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How to Sell Ideas: Learning from Beer

 By   Shlomo Maital  

     Some of us, from time to time, get tired of wringing our hands at the awful things that happen in this world, and want to actually do something. (The poignant signs that greeted Trump in Dayton, “Do something!”, are sad, frustrating and damning).

   But how? How do you change minds that are increasingly frozen and locked?

   Let’s learn from Professor Shelle Santana, a Harvard Business School marketing expert, interviewed for the Working Knowledge online journal and podcast:

       “There are four elements to a great story.

  • You need to have a character.
  • You need to have a plot.
  • You’ve got to have some conflict or challenge that they overcome,
  • and you have to have a moral of the story, like what’s the message we’re trying to convey?


That’s actually surprisingly easy to do in 30 or 60 seconds. Some people, obviously, are better at it than others, but with those four pillars, you can absolutely tell a great story in a short amount of time.”

   And here is Santana’s strong example: a Budweiser beer Super Bowl ad, perhaps the greatest ever:

Santana: : Budweiser has advertised on, I believe, all Super Bowls. It’s 132 ads they’ve run, and to the tune of $440 million. And they’ve had some of the most iconic ads on the Super Bowl, as well.

Kenny: Your case cites one in particular… Which ad was that?

Santana: That was puppy love. Consumers really loved that ad, and it’s just a really sweet story. It’s very enduring about this puppy who is on a farm, and the puppy manages to dig under the fence every day and run over to the barn where the majestic Clydesdales are. He hangs out in the barn with the Clydesdales all day. He’s eventually adopted by someone, and as their car drives away the puppy is looking out the window at the Clydesdales in the field, and they notice… They block the road, and the next scene is the puppy running back with the Clydesdales. The brand logo isn’t even shown until the very last screen before the screen goes to black, and the hashtag is #BestBuds from Budweiser. So, yeah. A lot of people still say that’s the best ad ever.

   So – bottom line. If you want to persuade people, if you want to ‘sell’ ideas, if you want to stir people to act, you need to tell a strong story, with a strong character, a plot, a huge challenge, and a moral or conclusion. One ad about a little puppy can be more powerful than hundreds of billboards.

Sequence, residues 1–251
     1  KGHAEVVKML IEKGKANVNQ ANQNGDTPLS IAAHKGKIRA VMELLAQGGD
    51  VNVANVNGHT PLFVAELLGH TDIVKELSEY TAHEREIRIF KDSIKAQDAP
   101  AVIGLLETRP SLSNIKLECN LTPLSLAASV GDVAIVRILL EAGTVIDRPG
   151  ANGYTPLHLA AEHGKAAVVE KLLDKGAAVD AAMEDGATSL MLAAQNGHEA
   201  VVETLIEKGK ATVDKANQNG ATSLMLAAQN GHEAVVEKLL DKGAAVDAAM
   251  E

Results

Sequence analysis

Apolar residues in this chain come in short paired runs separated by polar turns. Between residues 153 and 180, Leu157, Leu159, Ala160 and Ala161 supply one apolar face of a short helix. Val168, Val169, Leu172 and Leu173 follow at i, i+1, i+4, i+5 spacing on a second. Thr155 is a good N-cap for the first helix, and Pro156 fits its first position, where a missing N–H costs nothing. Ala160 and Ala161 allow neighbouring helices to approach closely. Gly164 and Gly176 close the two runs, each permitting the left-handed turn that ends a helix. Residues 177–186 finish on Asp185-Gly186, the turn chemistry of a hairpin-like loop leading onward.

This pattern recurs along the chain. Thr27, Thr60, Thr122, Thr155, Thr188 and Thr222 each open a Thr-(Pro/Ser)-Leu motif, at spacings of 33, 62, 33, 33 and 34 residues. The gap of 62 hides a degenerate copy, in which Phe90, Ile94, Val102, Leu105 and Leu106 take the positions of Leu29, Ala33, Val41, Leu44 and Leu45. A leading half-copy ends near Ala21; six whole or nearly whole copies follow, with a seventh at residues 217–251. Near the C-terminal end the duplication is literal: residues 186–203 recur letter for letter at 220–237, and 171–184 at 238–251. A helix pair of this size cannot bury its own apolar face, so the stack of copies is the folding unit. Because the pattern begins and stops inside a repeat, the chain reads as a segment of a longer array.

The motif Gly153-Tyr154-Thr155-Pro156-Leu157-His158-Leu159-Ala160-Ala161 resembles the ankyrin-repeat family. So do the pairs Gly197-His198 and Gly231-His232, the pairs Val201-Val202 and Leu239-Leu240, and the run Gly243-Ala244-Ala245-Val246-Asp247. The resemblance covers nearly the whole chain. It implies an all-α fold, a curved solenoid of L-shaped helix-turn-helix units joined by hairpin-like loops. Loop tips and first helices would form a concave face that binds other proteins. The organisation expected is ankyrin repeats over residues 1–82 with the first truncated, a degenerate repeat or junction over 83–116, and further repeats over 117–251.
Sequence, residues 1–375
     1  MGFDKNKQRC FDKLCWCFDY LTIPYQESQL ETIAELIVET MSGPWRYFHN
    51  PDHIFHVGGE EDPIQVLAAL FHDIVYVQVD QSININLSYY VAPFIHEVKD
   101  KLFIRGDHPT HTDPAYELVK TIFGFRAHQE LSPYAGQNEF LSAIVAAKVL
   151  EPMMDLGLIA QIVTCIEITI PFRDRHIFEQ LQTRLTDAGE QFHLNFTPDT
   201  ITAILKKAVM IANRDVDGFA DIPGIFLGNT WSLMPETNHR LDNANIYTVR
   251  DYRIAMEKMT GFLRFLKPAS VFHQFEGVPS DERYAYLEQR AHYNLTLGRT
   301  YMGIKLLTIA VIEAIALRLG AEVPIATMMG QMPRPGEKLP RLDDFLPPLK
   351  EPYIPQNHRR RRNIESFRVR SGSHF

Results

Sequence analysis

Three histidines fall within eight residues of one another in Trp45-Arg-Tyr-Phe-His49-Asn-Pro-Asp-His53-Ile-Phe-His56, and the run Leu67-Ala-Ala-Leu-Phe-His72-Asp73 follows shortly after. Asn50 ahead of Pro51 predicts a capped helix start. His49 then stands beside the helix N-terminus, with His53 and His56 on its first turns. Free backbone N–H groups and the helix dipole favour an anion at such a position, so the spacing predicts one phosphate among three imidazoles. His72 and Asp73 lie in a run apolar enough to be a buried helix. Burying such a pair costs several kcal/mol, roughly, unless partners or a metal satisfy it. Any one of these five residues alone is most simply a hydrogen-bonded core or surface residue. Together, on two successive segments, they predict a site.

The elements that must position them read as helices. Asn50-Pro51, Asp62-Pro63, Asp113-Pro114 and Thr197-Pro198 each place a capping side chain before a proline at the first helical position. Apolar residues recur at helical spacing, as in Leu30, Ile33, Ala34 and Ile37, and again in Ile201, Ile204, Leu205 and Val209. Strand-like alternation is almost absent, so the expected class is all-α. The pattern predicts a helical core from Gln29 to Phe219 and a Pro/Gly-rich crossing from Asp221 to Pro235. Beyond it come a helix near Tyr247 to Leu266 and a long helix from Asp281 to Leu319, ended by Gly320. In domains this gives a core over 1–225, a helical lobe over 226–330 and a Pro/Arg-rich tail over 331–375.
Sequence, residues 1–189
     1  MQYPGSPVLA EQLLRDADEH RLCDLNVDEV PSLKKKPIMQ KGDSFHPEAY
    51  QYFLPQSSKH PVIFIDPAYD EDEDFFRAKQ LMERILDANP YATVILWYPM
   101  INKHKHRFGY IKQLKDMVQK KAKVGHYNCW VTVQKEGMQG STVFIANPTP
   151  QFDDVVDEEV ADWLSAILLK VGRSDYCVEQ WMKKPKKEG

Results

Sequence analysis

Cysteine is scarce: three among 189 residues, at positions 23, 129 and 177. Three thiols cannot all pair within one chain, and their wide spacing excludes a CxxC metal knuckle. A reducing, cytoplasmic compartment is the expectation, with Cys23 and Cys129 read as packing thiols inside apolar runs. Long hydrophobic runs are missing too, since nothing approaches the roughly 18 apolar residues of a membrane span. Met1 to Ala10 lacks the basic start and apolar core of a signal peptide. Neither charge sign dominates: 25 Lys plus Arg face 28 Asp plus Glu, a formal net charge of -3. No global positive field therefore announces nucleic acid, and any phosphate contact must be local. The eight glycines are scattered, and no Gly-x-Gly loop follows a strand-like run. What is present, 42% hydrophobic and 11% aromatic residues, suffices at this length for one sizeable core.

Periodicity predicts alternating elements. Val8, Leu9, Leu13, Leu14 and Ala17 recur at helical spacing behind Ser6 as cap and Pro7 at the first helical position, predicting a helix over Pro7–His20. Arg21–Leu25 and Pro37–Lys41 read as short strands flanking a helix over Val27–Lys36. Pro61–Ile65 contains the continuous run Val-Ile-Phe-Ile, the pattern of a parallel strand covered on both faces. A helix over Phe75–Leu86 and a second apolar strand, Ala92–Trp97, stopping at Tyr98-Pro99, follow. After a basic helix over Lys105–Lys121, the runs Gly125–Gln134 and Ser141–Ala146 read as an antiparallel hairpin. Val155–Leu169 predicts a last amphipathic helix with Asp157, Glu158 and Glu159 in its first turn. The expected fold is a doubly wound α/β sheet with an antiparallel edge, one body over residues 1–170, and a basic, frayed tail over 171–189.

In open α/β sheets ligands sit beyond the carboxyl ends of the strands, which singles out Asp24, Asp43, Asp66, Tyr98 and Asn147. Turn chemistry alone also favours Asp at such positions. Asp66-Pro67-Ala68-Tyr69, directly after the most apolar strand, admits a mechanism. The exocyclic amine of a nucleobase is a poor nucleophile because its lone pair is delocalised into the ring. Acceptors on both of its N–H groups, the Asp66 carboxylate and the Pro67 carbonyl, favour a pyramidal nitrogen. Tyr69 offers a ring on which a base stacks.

But did it sell beer? Here is Santana’s ‘take’:

“I think there’s stronger evidence of when brands don’t invest in advertising and messaging and storytelling on a consistent basis, you see almost an immediate decline in sales. When they do invest, it tends to either remain stable or go up, but it may not do that in the immediate short-term, right? It’s a patient long-term play, unless, in that ad, there’s a very specific call to action like if you call within the next 30 minutes, then you’ll get X, right? That doesn’t typically tend to happen on Super Bowl.    … when brands don’t invest in advertising and messaging and storytelling on a consistent basis, you see almost an immediate decline in sales.”

   Conclusion: If you want to persuade and sell ideas, tell stories about real people, N=1. Plot, conflict, challenge, moral. Just like Tolstoy (Anna Karenina), only much much briefer. And – the second part, crucial – you have to keep doing it!  

Trump does it in his political rallies. He brings people with stories up onstage with him and tells their story. N=1 is for professors not a proof – but it is strongly persuasive for the public.




 The New Pricing Model:  “Name Your Price.  Really!”

By Shlomo Maital


   Harvard Business School’s Working Knowledge has an interesting piece by Michael Blanding, about research by marketing assistant professor Shelle M. Santana.   Santana studied “pay what you wish” (PWYP) pricing.  

   PWYP?   According to economists, it makes no sense.  If you can pay, say, one cent, or nothing, why of course that’s what everybody will do. 

   Yet another case where economic theory misleads.

   “Research shows,” notes Blanding, “that when people are able to set their own prices, almost everyone pays something – and sometimes well over the suggested price.”  Santana says she was interested in the broad variance of prices people pay, under PWYP, and who pays a little, and who pays a lot, and when.

    She found that by controlling the environment and context, she can influence what buyers are willing to pay.

    Some examples of PWYP?   Radiohead’s In Rainbows album has ‘name your price’ downloads.  Dallas Theater Center has Pay What You Can nights to attract new patrons.  Boston Pedicab has an ‘open fare’ system.  Panera Bread has four nonprofit Panera locations with PWYP (I wrote a blog about one, some time ago).

    In one experiment Santana and a colleague designed a PWYP promotion  for a pack of gum at a student café at NYU.   At one scenario, their sign showed a pair of hands shaking, and read “It’s Your Turn to Set the Price Today”.  At a second, the sign showed a group of hands in a circle, that read: “Because We’re Partners, It’s Your Turn to Set the Price Today.” 

    Guess which sign got the highest price?  Of course – the second sign got an average price of 69 cents, compared with 57 cents for the first.  That’s a 21 per cent difference.

     Why?  Creating a communal norm…  pro-group, rather than just pro-self.  Moreover, customers are willing to pay more, often much more, when a portion of the proceeds is donated to charity – something many companies discovered long ago.

Harvard Business School Working Knowledge, 22 July 2015.  “Research and Ideas”

Blog entries written by Prof. Shlomo Maital

Shlomo Maital